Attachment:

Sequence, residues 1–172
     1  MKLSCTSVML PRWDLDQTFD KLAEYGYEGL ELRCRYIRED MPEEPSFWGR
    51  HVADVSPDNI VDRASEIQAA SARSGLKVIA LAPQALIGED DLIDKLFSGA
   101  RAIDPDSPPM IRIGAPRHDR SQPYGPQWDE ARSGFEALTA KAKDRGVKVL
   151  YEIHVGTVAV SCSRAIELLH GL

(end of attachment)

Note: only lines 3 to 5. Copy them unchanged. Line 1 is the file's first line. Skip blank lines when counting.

    51  HVADVSPDNI VDRASEIQAA SARSGLKVIA LAPQALIGED DLIDKLFSGA
   101  RAIDPDSPPM IRIGAPRHDR SQPYGPQWDE ARSGFEALTA KAKDRGVKVL
   151  YEIHVGTVAV SCSRAIELLH GL